Accelerating Value in Healthcare
By Gail R. Wilensky, PhD, Sherry A. Glied, PhD, and Thomas H. Lee Jr., MD, MSc
Kaiser Permanente and Geisinger recently announced that they are coming together (pending regulatory review) with a shared mission to increase value in healthcare across the country. We, the three authors of this piece, have throughout our careers in health policy worked to improve access and affordability of care, and we all serve on Geisinger’s board. We have served on the Board because we believe Geisinger has been and will continue to be one of the organizations that move healthcare in the right direction. We write now to share why we believe that this new combination is a significant step toward that goal.
For decades, the US healthcare system has been challenged by unsustainable costs and less than stellar clinical outcomes. It’s not working well for patients, for providers, or for the purchasers of care. One of the underlying problems is a delivery and payment model that can misalign incentives to focus on episodic services and “downstream” activity rather than on “upstream” total costs, care coordination, and prevention. Health policy analysts have long preferred value-based care models where payment is based on the value or quality of services and outcomes delivered and the focus is on promoting health, access and affordability.
The adoption of this value-based approach across the county has been challenging because it requires a redesign of both the payment model and the conventional care model. While there has been some progress, there is still a long way to go. Today, as news reports again document the healthcare affordability crunch challenging employers, consumers, and governments, the timing is ripe to accelerate these efforts. The COVID pandemic and its aftermath have also demonstrated the fragility of the legacy healthcare model and its sustainability and effectiveness in improving health across populations and communities.
Despite these and other challenges, we see plenty of reasons for optimism. Capabilities in clinical practices, technology, data/analytics, consumer insights, and provider enablement have evolved and continue to mature quickly. Propelling investments in these “next-gen” capabilities and leveraging them can catalyze exactly the type of transformation needed to effectuate this healthcare model of tomorrow. They can help move us to a care system that achieves better outcomes, increases affordability and significantly improves both the patient and member experience.
Enter this transaction. It is not your typical health system combination. The logic rests on the shared vision of these two organizations to enhance and further develop capabilities that can advance health within a community. Kaiser Permanente and Geisinger bring complementary capabilities and a like-minded approach to care – one that can be more broadly applicable across the healthcare industry writ large. Kaiser Permanente is the gold standard in what has become known as “population health” within an integrated delivery and financing model built on innovation and data. Geisinger is a nationally recognized organization that has innovated in a multi-payer, multi-provider framework to drive better health across its populations, including some of the most vulnerable such as the Medicare, Medicaid, and rural segments. Both organizations share objectives and operating philosophies—focusing on improving health and wellness rather than treating people primarily when they are sick and in need of hospital care. They also share a commitment to education and research, perhaps best embodied through their respective medical schools and training programs.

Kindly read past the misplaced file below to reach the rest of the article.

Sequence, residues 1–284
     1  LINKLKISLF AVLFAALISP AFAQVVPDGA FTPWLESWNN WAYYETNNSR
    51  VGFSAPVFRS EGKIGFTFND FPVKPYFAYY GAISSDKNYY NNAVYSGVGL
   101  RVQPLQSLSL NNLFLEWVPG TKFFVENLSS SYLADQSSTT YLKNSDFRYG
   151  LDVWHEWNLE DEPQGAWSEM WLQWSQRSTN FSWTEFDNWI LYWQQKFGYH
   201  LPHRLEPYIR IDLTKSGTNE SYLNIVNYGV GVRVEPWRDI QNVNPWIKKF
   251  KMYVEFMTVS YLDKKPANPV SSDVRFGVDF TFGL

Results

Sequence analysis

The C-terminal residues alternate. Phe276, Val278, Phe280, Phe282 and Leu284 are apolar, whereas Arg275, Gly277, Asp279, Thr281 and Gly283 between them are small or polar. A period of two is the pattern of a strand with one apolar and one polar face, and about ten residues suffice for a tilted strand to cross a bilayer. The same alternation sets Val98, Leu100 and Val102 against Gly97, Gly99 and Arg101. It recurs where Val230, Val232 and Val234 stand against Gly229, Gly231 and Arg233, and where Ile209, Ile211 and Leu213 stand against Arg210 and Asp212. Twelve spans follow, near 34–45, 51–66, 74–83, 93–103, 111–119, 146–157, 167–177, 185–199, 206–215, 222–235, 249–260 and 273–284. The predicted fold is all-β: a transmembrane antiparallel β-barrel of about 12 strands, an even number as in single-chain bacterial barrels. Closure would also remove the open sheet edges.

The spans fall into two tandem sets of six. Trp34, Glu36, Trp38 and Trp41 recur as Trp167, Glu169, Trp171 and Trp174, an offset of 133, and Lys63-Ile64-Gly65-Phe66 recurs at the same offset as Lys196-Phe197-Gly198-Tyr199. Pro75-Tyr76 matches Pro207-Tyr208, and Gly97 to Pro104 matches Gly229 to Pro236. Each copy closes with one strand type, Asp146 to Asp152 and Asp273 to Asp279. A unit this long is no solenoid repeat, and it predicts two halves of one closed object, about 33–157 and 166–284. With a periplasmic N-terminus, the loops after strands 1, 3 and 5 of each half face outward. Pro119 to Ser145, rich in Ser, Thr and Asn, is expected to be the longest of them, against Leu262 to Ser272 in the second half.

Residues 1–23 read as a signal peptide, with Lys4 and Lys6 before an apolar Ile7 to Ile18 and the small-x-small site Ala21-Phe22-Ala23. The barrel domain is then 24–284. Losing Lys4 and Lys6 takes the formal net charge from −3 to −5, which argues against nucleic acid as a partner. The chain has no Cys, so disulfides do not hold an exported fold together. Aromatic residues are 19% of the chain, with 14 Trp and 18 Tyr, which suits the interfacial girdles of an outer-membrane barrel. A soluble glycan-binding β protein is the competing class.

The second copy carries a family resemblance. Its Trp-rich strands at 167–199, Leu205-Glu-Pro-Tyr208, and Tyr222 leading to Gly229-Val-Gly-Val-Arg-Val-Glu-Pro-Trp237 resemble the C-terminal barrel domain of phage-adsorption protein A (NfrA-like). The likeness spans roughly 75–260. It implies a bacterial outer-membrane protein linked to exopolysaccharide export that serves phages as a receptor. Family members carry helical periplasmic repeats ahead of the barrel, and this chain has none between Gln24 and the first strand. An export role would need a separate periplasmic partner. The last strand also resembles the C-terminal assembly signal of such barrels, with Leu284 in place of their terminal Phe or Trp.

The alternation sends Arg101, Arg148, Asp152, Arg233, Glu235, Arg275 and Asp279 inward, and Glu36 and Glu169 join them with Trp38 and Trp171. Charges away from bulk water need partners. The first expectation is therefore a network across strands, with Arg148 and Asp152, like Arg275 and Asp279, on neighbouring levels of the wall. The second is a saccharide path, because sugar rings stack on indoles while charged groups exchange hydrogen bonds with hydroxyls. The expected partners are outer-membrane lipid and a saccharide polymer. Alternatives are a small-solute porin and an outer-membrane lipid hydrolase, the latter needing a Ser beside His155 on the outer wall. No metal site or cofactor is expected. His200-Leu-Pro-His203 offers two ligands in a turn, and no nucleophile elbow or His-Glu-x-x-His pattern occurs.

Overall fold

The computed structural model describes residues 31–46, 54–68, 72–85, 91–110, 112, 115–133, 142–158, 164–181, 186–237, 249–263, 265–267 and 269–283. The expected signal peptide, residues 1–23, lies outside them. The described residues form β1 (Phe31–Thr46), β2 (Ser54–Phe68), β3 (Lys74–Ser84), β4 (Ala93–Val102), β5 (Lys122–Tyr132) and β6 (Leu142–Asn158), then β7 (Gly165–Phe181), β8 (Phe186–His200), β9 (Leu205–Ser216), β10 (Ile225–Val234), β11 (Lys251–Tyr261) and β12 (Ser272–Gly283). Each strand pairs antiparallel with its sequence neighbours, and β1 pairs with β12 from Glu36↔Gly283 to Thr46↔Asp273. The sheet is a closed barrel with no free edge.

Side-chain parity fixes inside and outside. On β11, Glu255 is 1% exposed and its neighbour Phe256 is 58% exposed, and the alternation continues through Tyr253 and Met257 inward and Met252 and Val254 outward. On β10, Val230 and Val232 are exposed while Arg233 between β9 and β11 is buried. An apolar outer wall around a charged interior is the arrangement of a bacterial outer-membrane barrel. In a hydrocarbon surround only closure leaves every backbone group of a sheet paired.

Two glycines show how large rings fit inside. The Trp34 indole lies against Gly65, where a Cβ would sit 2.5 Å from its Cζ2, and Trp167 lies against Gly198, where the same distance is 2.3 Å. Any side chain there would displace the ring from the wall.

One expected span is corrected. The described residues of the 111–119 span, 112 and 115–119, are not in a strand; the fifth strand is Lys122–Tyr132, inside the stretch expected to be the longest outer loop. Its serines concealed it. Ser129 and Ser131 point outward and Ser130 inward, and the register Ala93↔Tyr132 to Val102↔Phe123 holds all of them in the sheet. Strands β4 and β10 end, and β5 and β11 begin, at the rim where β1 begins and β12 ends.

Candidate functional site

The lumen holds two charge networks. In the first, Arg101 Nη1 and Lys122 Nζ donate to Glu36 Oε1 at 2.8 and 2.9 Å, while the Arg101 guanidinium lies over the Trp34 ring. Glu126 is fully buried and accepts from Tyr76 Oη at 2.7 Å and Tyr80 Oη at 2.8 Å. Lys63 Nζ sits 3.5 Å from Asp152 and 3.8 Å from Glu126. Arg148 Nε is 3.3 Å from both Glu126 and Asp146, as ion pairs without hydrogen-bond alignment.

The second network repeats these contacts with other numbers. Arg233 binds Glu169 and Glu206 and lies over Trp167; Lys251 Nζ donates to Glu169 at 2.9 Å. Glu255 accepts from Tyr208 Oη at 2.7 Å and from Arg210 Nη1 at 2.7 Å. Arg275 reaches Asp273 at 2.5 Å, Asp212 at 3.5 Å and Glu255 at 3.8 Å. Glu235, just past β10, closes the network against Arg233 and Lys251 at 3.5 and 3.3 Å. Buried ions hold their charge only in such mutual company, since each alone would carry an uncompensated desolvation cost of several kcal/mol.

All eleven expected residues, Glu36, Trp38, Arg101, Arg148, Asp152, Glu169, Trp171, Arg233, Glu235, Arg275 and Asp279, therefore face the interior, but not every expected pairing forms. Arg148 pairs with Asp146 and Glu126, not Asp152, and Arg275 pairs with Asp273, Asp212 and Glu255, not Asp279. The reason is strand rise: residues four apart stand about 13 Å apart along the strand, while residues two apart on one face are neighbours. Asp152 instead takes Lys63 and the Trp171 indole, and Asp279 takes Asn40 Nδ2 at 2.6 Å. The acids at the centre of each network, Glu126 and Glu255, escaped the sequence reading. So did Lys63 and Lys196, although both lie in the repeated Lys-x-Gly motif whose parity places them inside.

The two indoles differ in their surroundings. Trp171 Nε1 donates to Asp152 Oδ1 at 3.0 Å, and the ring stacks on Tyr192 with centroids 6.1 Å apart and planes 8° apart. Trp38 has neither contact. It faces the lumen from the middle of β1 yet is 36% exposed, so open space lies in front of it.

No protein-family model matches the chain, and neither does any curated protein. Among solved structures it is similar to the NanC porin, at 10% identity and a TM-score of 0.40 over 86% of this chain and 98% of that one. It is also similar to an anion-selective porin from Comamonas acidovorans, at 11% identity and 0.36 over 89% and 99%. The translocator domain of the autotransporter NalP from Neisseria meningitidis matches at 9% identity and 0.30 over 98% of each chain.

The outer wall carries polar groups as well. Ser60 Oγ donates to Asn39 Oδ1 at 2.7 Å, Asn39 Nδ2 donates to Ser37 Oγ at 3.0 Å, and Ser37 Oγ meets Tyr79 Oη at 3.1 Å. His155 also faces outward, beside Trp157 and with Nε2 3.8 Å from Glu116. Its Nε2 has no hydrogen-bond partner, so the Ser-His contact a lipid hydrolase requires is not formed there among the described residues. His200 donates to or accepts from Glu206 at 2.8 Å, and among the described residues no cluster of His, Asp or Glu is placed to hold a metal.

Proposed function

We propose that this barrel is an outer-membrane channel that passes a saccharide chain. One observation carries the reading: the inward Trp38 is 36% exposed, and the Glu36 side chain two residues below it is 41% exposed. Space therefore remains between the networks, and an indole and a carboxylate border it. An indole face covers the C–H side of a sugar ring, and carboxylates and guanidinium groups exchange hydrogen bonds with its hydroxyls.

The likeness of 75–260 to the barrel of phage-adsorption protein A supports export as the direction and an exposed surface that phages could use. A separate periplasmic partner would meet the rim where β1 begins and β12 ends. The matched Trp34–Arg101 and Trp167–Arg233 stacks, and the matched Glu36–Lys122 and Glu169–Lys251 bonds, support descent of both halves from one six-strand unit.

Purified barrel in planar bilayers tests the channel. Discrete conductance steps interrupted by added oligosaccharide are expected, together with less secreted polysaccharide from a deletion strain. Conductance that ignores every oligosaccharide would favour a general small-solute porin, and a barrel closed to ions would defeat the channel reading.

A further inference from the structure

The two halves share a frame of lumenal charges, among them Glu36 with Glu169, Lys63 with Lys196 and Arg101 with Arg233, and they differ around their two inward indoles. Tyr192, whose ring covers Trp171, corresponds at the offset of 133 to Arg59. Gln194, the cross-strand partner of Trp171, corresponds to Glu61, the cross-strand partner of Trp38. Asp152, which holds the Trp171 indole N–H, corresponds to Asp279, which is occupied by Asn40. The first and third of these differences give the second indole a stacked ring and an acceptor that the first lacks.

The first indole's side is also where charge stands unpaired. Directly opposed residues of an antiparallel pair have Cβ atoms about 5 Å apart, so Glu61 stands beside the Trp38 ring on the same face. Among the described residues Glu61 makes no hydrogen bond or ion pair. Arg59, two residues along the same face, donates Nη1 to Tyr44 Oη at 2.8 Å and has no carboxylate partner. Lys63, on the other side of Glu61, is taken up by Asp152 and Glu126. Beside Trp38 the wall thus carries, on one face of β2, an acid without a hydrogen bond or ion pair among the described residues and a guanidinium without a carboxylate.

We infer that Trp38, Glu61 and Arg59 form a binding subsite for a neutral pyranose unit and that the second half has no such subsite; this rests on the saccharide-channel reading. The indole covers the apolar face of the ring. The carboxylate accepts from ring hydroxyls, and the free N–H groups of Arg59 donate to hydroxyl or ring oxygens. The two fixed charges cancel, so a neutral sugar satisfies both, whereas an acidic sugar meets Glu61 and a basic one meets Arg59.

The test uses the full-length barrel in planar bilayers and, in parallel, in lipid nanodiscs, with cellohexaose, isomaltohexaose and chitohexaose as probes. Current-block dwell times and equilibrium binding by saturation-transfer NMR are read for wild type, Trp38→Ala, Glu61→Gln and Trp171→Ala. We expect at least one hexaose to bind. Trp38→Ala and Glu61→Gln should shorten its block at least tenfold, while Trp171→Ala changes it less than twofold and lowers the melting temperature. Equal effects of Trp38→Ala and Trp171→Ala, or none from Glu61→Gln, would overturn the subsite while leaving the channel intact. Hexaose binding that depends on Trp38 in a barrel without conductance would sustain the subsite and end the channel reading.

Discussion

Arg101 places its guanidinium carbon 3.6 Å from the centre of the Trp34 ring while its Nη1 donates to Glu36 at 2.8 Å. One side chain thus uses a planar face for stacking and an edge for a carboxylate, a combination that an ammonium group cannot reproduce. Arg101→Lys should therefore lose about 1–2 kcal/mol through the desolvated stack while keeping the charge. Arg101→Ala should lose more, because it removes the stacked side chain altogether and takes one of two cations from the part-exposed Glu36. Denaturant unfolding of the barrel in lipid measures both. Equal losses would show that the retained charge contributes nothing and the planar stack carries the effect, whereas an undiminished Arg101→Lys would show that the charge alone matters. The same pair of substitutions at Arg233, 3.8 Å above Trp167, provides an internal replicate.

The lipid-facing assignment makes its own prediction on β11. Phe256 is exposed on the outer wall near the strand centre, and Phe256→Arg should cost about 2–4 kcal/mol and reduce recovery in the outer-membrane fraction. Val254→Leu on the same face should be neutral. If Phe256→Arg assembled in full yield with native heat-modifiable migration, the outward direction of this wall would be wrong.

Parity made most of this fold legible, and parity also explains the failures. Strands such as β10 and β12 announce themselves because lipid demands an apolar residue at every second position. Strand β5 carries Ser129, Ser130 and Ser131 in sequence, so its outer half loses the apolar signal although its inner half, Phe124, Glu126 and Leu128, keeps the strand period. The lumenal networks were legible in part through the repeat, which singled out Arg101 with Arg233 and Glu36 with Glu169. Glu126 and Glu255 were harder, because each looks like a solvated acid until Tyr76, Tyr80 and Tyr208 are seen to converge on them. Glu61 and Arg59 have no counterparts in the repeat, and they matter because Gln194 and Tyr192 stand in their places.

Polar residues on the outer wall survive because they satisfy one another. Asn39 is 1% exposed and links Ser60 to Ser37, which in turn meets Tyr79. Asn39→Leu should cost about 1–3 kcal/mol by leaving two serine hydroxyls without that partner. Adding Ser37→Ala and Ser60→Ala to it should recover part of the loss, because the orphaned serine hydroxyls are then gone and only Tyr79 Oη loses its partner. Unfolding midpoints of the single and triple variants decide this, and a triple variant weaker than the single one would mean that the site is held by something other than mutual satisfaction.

If this combination is approved, Geisinger will become the inaugural member of Risant Health, Kaiser’s new health systems division, which is designed to spread the very best in population health to diverse markets across the country. The new division will leverage Kaiser’s expertise in value-based, integrated care and coverage and Geisinger’s experience of advancing value-based care in a pluralistic model of providers and payers.
Participating community-oriented health systems, wherever they are located and whatever populations they serve, will be supported by world-class expertise on a scale that otherwise would not be possible. Transformation will be enabled by investments in innovative care models, technology, facilities and “next-gen” capabilities such as digital tools that will offer an enhanced patient, member and provider experience.
Geisinger was founded in 1915 by Abigail Geisinger who opened a hospital to serve a small rural community in Danville, Pennsylvania. Her motto was “to make it the best.” As board members, we have always taken to heart Abigail’s wise and timeless words. We wholeheartedly believe that this partnership will indeed deliver on Abigail’s charge, by continuing to bring the very best in health, not only to the communities we serve, but also to communities large and small across the country.
Drs. Wilensky, Glied, and Lee all serve on the Geisinger Health Board of Directors.
Geisinger is committed to making better health easier for the more than 1 million people it serves. Founded more than 100 years ago by Abigail Geisinger, the system now includes 10 hospital campuses, a health plan with more than half a million members, a research institute and the Geisinger College of Health Sciences, which includes schools of medicine, nursing and graduate education. With more than 25,000 employees and 1,700+ employed physicians, Geisinger boosts its hometown economies in Pennsylvania by billions of dollars annually. Learn more at geisinger.org or connect with us on Facebook, Instagram, LinkedIn and Twitter.
Members of the media: Contact our media relations team for assistance.